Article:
The entertaining latest from Fitzgerald (The Beginning of Spring,
1989, etc.) - as much a story of love in Edwardian England as a
gentle but witty sendup of the genre and the age. When young Fred
Fairly, son of an impecunious clergyman, becomes a junior fellow at
St. Angelicus College in Cambridge, he expects to devote his life
to science. Founded by a pope in the 15th century, St. Angelicus is
the smallest college in Cambridge - so small that fellows can meet
only in the dining hall or the courtyard. Unlike other colleges, it
has also remained closed to female visitors - no woman can pass
through its gates - and insists that its fellows be unmarried.
Ambitious and keen on science, Fred should be happy, but he has
fallen in love with the mysterious Daisy Saunders, whom he met
after they were both thrown off bicycles by a recklessly driven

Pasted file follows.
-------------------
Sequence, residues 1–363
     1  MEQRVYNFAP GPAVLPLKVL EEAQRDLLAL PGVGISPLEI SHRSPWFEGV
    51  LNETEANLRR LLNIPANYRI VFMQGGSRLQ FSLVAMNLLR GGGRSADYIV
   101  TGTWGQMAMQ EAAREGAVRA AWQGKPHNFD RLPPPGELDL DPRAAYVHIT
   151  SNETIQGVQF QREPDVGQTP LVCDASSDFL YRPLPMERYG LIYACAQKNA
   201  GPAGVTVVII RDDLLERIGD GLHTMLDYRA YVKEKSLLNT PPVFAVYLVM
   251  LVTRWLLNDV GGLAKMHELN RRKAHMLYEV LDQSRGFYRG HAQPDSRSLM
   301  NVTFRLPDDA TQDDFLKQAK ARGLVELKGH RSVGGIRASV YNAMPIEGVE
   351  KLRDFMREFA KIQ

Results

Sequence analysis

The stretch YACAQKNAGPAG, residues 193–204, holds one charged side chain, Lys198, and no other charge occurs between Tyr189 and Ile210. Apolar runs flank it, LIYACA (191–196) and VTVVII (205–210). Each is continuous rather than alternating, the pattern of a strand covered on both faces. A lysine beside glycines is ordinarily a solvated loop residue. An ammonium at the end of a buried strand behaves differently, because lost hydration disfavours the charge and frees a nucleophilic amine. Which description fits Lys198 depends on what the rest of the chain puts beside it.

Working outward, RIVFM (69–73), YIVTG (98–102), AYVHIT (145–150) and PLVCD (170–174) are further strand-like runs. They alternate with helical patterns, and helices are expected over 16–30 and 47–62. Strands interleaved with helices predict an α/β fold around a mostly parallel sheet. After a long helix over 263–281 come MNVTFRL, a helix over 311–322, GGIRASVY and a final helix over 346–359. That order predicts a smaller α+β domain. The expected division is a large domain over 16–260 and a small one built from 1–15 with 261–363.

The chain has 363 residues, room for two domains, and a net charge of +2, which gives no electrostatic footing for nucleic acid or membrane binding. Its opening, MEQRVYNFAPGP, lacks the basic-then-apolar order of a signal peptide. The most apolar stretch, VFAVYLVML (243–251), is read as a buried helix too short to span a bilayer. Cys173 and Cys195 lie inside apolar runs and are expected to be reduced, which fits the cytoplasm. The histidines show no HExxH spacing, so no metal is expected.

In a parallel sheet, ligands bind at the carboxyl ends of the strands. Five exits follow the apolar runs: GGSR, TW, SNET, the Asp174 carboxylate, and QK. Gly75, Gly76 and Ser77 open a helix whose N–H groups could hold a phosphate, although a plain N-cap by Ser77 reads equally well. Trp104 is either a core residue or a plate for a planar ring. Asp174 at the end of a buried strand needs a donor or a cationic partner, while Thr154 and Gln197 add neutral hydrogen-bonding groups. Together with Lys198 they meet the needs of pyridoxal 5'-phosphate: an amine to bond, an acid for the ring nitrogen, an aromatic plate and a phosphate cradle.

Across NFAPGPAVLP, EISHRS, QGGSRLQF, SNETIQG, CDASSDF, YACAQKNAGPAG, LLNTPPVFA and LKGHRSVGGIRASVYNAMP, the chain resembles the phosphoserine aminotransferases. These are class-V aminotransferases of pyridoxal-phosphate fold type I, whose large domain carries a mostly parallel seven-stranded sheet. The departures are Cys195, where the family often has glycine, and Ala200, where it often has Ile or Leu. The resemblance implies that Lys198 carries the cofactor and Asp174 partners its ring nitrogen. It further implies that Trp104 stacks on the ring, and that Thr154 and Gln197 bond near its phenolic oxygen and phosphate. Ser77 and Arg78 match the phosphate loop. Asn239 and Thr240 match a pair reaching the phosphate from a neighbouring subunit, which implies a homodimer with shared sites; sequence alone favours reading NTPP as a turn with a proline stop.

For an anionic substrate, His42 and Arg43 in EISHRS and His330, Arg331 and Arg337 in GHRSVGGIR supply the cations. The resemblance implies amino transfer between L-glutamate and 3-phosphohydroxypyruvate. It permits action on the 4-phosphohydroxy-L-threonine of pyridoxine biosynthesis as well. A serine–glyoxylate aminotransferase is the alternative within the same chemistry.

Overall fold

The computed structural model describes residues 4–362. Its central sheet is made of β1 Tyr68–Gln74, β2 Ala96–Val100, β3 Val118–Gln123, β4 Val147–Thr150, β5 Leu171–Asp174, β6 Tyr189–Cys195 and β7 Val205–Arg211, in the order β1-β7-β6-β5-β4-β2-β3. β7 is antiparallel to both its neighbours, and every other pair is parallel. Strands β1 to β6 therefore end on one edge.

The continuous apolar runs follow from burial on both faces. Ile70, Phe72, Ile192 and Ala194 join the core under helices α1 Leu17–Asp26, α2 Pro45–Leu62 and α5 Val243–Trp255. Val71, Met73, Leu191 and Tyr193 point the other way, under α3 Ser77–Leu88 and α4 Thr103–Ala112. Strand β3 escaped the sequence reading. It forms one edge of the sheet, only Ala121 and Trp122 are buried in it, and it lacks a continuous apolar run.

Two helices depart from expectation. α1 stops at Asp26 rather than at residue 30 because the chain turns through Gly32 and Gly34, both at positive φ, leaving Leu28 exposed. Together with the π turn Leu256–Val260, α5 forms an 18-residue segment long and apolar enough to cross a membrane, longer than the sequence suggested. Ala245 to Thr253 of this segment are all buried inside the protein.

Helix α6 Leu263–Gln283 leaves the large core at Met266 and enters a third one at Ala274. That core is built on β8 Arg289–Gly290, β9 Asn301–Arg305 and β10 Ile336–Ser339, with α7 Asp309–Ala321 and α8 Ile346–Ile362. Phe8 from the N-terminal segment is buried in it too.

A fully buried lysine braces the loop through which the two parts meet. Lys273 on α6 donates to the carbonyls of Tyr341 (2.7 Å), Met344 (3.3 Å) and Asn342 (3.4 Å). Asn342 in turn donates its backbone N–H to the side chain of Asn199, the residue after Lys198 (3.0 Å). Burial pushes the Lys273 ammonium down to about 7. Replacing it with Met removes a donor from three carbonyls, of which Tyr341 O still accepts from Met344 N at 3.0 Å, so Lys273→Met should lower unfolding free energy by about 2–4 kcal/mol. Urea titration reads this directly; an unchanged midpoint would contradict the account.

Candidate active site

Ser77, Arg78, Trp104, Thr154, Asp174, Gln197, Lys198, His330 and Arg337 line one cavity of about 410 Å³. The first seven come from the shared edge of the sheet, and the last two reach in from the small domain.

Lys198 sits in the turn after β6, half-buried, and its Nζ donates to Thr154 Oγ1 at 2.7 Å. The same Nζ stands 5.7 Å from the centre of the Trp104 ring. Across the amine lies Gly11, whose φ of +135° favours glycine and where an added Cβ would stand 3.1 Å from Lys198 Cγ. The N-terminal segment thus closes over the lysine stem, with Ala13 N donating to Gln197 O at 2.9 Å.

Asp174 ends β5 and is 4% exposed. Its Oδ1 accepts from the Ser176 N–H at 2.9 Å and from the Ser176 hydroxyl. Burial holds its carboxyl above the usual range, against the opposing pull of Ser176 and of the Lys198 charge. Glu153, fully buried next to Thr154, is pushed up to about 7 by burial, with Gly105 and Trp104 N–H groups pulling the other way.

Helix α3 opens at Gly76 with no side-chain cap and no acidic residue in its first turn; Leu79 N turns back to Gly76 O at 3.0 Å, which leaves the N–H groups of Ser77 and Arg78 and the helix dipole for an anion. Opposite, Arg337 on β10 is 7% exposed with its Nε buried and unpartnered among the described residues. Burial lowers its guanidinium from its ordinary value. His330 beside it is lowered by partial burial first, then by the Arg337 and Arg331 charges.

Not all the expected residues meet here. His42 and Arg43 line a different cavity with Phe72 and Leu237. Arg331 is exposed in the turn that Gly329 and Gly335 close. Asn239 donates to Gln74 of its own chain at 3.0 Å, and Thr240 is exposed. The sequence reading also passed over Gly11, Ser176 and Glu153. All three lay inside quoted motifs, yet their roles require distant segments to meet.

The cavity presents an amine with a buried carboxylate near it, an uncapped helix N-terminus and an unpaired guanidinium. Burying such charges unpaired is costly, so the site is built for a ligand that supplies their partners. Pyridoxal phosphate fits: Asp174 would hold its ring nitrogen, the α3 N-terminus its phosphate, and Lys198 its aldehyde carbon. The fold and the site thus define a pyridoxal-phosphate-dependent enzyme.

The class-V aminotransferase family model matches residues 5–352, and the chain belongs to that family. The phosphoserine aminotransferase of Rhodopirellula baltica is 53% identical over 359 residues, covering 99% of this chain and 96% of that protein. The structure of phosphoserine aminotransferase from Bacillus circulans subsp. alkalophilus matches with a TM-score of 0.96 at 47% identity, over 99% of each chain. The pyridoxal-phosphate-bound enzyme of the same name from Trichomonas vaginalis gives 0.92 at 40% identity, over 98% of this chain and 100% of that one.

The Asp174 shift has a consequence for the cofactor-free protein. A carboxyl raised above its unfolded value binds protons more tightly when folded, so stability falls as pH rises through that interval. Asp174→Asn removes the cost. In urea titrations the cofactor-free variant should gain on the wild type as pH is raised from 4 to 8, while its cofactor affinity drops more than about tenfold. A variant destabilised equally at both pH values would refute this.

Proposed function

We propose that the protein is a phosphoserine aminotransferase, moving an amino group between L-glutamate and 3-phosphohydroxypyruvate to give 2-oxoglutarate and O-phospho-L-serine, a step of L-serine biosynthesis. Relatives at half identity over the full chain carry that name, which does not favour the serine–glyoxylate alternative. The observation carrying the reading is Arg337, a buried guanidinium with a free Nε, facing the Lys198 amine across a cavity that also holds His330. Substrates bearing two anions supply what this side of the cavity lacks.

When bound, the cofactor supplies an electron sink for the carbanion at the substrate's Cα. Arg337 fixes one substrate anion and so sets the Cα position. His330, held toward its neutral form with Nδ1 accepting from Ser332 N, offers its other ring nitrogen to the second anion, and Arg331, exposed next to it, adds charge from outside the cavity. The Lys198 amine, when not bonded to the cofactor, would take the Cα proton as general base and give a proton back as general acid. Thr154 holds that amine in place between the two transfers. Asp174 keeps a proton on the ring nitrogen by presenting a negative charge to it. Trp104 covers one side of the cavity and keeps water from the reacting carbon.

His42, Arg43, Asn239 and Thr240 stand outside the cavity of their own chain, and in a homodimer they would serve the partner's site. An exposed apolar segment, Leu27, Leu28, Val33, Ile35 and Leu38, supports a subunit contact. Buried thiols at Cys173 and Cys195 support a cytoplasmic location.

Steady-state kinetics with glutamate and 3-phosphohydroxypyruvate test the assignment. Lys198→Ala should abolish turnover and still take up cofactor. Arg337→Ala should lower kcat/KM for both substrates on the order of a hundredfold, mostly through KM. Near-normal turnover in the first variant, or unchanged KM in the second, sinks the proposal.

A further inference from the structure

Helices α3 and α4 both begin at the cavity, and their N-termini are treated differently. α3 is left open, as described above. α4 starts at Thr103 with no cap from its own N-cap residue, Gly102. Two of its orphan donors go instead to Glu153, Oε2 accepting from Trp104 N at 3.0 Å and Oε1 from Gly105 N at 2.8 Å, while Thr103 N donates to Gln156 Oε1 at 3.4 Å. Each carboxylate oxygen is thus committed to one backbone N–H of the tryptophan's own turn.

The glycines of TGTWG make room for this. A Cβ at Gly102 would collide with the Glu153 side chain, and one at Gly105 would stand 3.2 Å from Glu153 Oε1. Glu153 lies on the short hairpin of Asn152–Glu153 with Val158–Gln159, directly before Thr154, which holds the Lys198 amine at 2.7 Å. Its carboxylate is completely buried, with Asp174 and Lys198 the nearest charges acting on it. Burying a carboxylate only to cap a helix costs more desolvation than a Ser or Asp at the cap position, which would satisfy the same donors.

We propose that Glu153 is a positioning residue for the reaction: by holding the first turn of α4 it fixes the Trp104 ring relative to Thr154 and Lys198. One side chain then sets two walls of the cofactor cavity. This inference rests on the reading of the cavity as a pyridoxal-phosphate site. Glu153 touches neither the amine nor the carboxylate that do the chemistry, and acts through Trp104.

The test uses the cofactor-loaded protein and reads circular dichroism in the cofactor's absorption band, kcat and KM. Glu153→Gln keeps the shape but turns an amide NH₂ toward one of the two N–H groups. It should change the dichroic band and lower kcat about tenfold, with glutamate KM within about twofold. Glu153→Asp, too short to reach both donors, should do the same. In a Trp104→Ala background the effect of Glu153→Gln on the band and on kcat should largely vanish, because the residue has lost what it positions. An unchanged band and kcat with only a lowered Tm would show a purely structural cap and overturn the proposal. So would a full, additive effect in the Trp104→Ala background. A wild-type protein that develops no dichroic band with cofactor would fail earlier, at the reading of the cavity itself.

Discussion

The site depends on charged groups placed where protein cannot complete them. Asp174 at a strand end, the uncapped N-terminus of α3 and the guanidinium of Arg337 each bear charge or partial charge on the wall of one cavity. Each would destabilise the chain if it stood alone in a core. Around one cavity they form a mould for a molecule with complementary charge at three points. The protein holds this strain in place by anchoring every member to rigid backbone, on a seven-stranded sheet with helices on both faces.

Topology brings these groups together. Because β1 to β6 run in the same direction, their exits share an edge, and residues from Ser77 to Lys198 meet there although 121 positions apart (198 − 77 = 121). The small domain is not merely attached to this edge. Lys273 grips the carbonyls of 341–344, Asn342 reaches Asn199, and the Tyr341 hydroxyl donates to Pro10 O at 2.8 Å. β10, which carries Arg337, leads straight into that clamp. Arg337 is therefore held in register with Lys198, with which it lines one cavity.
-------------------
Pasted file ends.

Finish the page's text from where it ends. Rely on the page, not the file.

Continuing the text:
cart and horse. Daisy is a young woman of character and beauty, but
"not knowing how dangerous generosity is to the giver," she's been
unfairly dismissed from her nursing position in London. Now she's
come down to Cambridge with a sleazy journalist out to seduce her,
but the accident intervenes. Daisy recovers and finds a low-level
job; Fred courts her and proposes, but at the trial of the
cart-driver the truth about poor Daisy's background is revealed,
and their love seems doomed. As the genre demands, fate
benevolently intervenes. Daisy, hearing cries of distress, enters
St. Angelicus, where she is delayed long enough to be reunited with
Fred. All the correct Edwardian nuances, but often turned upside
down. A not-too-serious postmodern and feminine riposte to
collegiate misogyny and some of E.M. Forster. (Kirkus Reviews)
Shortlisted for the Booker Prize. It is 1912, and at Cambridge
University the modern age is knocking at the gate. Fred Fairly, a
Junior Fellow at the college of St Angelicus, where for centuries
no female, not even a pussy cat, has been allowed to set foot,
lectures in physics. Science, he is certain, will explain
everything. Until into Fred's orderly life come Daisy. Fred is
smitten. Why have I met her? he wonders. How can I tell if she's
quite what she seems? Fred is a scientist. To him the truth should
be everything. But even scientists make mistakes.
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